## Abstract

Gans *et al*. (Reports, 26 August 2005, p. 1387) provided an estimate of soil bacterial species richness two orders of magnitude greater than previously reported values. Using a re-derived mathematical model, we reanalyzed the data and found that the statistical error exceeds the estimate by a factor of 26. We also note two potential sources of error in the experimental data collection and measurement procedures.

Using previously published DNA reassociation kinetics (Cot curve) data (*1*), Gans *et al*. (*2*) estimated bacterial species richness (one aspect of diversity) in a soil sample to be 8.3 × 10^{6}. However, the authors' calculation of error for this estimate is unrealistically low. We re-derived the mathematical model of reassociation kinetics from first principles [arriving at a model similar to Gans *et al*. (*2*)] and applied standard nonlinear regression analysis to fit the model to the original data. We obtained a similar richness estimate (7.4 × 10^{6}), but a formal statistical error 26 times as large as the estimate itself. Furthermore, we note potential sources of error in the original experimental and measurement protocol that may contribute to the unreliability of the richness estimate.

Let us assume a DNA extract containing sequences from *S* ≥ 1 bacterial species, with no interspecific sequence similarity and no intraspecific repeat sequences (both false). Applying certain simplifying assumptions (*3*, *4*), we obtain a mathematical model for the Cot (observed reassociation) data points (*u ^{l}*,

*y*),

^{l}*l*= 1...

*n*: (1) where

*W*is a random variable representing the species' proportions and reassociation rates, and γ = 0.45 and

*k*

_{r}= 5.19 are taken to be constants (

*2*). Nonlinear regression then produces parameter estimates, standard errors (SEs), and goodness-of-fit tests (

*5*,

*6*).

We fitted Eq. 1 to the noncontaminated soil data provided by Sandaa (*2*). We tested 10 distributions for *W* (*7*) and found that only one yielded a convincing fit to the observed points. This had the form *P*(*W* = λ_{i}) = *p*_{i}, λ_{i} > 0, *i* = 1,2,3; *p*_{1} + *p*_{2} + *p*_{3} = 1, with *p*_{1} = 1.30 × 10^{–4}, λ_{1} = 2.60 × 10^{3}, *p*_{2} = 2.40 × 10^{–6}, λ_{2} = 7.20×10^{4}, *p*_{3} = 9.998676 ×10^{–1}, and λ_{3} = 4.892648 ×10^{–1} (*8*). The fit was excellent (Fig. 1), with a sum of squared errors (SSE) of 1.05 × 10^{–3}. The estimate of *S* was 7.4 × 10^{6}, but with a SE of 192.1 × 10^{6}.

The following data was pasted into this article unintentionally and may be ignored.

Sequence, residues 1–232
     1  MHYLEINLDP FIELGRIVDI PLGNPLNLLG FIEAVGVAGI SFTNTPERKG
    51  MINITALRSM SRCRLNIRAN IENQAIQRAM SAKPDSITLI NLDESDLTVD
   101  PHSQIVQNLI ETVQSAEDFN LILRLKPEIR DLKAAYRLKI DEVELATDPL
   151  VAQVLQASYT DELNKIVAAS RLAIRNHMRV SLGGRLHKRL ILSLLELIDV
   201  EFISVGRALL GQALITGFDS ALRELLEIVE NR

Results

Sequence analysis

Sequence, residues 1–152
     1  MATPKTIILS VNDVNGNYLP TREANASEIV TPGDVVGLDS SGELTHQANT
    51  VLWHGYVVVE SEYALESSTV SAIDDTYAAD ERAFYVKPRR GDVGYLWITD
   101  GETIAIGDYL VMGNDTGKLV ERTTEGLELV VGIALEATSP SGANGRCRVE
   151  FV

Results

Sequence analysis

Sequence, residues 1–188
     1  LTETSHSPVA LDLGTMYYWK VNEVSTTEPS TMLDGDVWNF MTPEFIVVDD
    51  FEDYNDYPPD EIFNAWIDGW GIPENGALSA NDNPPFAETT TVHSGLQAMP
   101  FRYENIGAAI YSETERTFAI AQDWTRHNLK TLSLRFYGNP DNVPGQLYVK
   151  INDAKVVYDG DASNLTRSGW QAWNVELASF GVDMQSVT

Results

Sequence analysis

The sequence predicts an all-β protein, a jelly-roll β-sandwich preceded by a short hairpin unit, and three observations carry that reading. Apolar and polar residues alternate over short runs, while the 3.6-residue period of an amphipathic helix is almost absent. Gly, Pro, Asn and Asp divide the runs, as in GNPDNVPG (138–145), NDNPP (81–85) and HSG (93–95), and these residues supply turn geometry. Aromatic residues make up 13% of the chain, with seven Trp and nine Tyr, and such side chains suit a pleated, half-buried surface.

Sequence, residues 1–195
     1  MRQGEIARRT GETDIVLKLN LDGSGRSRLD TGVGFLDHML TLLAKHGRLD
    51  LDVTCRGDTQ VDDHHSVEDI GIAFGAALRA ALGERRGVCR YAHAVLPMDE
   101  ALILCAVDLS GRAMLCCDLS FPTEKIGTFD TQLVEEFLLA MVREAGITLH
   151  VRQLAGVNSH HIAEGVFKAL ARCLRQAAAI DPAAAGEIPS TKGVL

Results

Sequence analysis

The model used by Gans *et al*. (*2*) can be rewritten as (2) where μ > 0, and is assumed known. The authors applied a minimum χ^{2} procedure that does not yield SEs for the parameter estimates. Their report lacked certain details that prevented us from replicating their results exactly, but our model and fit are comparable. Our richness estimate is close to theirs, but the statistical SE is far higher than their informal calculation of a factor of, at most, 8.2. An SE of this magnitude makes intercommunity comparisons (e.g., richness in pristine versus polluted environments) statistically meaningless, because the range of possible values of the (unknown) richness of this community is virtually unbounded.

These results are sensitive to model assumptions to an unknown degree. For example, if γ is estimated from the data, then a simpler model fits very well with SSE 1.22 × 10^{–3}, but γ and *S* are estimated as 0.1095 (SE, 0.003) and 629 (SE, 120), respectively. Until such robustness issues are clarified, any results must be regarded as contingent on numerous questionable assumptions.

We also noted certain debatable aspects of the original experimental protocol and measurement procedure. First, Gans *et al*. (*2*) assumed that the DNA analyzed in the Cot analysis of Sandaa *et al*. (*1*) was bacterial in nature. We tested the bacterial extraction technique described (*1*) and observed considerable contamination of the bacterial pellet with eukaryotic cells/tissues. The presence of eukaryotic genomes in the DNA extract would introduce substantial error into estimates of bacterial richness using reassociation kinetics data. Second, DNA reassociation was estimated by measuring changes in hypochromicity (Δ*h*), a practice that can greatly underestimate the reassociation of repetitive sequences in complex DNA mixtures (*9*, *10*) (Fig. 2). A population of soil bacteria may be dominated by a few species (*11*, *12*) whose sequences would effectively reassociate like eukaryotic repetitive elements; in fact, our estimated abundance distribution shows just this structure. In this case, normal variation in homologous DNA sequences would result in formation of duplexes with partial strand mismatch, which is believed to underlie the reduced Δ*h* of renatured eukaryotic repeats (*9*). Extrapolation of partial Δ*h* Cot curves to “completion,” as was done by Gans *et al.* (*2*), amplifies these errors.

Current soil bacterial species richness estimates range from < 100 (*13*) to almost 10^{7} (*2*). Many of these estimates may be correct, although imprecise: When *SE* ≈ 2 × 10^{8}, an estimate may assume almost any value and remain correct, although uninformative. Informative estimation of species richness by DNA reassociation kinetics will require more precise parameter estimation, a more realistic physical model (*14*), and analysis of sensitivity to assumptions and constants.

**Supporting Online Material**

www.sciencemag.org/cgi/content/full/313/5789/918c/DC1

Materials and Methods

SOM Text

Fig. S1

References